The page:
imageBackground: The authors investigated the effect of equiosmolar, equivolemic solutions of 3% hypertonic saline (HS) and 20% mannitol on blood coagulation assessed by rotational thromboelastometry (ROTEM) and standard coagulation tests during elective craniotomy. Methods: In a prospective, randomized, double-blind trial, 40 patients undergoing elective craniotomy were randomized to receive 5 mL/kg of either 20% mannitol or 3% HS for intraoperative brain relaxation. Fibrinogen, activated partial thromboplastin time, prothrombin time, hemoglobin, hematocrit, and platelet count were simultaneously measured intraoperatively with ROTEM for EXTEM, INTEM, and FIBTEM analysis. ROTEM parameters were: clotting time (CT), clot formation time (CFT), maximum clot firmness (MCF), and α-angle. Results: No significant differences between groups were found in ROTEM variables CT, CFT, MCF, α-angle (EXTEM and INTEM), and MCF (FIBTEM) nor standard coagulation tests. ROTEM parameters did not show changes after administration of hyperosmolar solutions relating to basal values, except for an increase of CFT EXTEM (118±28 vs. 128±26 s) and decrease of CT INTEM (160±18 vs. 148±15 s) with values within normal range. Significant decreases from baseline levels were observed for hematocrit (−7%), platelet count (−10%), and fibrinogen (−13%) after HS infusion, and hematocrit (−9%), platelet count (−13%), and fibrinogen (−9%) after mannitol infusion, but remaining normal. Conclusions: The use of 5 mL/kg of equiosmolar solutions of 3% HS and 20% mannitol applied to reach a brain relaxation during elective craniotomy does not induce coagulation impairment as evidenced by ROTEM and standard coagulation tests.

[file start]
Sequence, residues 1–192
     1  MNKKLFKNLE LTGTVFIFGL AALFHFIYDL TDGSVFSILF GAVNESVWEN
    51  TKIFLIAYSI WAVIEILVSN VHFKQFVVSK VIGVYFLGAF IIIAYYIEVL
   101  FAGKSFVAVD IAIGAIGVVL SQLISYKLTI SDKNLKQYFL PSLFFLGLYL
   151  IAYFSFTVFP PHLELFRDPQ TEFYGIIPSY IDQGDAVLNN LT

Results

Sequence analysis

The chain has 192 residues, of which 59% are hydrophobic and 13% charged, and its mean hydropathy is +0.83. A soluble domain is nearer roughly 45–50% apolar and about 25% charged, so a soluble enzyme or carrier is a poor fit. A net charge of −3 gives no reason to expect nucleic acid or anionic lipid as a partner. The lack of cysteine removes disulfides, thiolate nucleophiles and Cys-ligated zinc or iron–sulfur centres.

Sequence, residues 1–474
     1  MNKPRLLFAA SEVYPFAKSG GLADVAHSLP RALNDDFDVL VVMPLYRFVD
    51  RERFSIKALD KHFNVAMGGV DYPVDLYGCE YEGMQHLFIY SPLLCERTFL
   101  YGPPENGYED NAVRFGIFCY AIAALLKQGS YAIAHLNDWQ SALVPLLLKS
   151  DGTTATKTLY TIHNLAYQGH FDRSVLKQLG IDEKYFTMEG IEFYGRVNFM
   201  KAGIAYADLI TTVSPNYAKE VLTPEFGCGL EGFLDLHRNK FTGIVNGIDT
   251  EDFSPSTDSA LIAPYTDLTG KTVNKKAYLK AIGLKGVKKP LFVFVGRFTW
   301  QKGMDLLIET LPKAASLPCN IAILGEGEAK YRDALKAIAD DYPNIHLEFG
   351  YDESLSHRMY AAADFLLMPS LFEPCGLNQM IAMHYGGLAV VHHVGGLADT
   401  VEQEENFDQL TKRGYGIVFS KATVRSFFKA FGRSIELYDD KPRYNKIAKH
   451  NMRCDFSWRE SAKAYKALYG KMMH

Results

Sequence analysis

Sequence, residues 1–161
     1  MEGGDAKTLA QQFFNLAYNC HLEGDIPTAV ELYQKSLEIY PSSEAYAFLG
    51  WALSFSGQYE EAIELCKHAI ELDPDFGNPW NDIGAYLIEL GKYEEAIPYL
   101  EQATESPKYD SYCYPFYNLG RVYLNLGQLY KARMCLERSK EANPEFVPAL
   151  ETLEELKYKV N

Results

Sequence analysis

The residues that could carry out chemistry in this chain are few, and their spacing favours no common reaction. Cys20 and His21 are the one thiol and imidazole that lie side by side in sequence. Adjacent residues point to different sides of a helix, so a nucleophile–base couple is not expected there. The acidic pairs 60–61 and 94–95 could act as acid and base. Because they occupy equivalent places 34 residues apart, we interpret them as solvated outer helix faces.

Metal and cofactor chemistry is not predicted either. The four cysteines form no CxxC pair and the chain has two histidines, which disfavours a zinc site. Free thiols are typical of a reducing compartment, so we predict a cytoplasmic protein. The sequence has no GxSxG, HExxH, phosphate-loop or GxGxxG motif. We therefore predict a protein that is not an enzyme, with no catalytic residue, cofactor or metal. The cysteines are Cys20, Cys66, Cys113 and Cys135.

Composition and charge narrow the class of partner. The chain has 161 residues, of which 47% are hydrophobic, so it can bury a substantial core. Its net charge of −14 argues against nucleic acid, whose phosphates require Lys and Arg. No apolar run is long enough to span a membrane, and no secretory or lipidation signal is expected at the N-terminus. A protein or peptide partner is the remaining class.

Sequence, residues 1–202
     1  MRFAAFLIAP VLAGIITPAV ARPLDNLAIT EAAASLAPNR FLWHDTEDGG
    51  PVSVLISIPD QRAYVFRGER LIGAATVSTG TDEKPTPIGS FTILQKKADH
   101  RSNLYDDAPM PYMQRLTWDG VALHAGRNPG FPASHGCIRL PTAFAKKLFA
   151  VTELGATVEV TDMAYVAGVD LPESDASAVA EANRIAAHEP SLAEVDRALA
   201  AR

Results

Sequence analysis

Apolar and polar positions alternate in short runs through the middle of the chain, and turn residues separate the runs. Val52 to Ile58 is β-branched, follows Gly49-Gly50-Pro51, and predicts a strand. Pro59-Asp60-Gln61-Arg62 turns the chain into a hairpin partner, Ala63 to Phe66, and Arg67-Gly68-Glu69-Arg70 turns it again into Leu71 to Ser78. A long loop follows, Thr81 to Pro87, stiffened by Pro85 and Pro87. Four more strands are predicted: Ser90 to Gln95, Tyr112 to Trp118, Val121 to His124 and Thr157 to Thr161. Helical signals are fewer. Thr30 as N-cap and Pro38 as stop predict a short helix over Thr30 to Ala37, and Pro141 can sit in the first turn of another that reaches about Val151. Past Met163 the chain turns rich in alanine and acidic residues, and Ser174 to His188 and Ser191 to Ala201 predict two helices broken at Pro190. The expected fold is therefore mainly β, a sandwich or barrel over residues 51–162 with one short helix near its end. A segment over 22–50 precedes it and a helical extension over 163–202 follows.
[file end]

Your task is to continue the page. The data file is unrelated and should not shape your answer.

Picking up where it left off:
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Regional Anesthesia for Craniotomy

No abstract available

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Comparison of Intra-Abdominal Pressure Among 3 Prone Positional Apparatuses After Changing From the Supine to the Prone Position and Applying Positive End-Expiratory Pressure in Healthy Euvolemic Patients: A Prospective Observational Study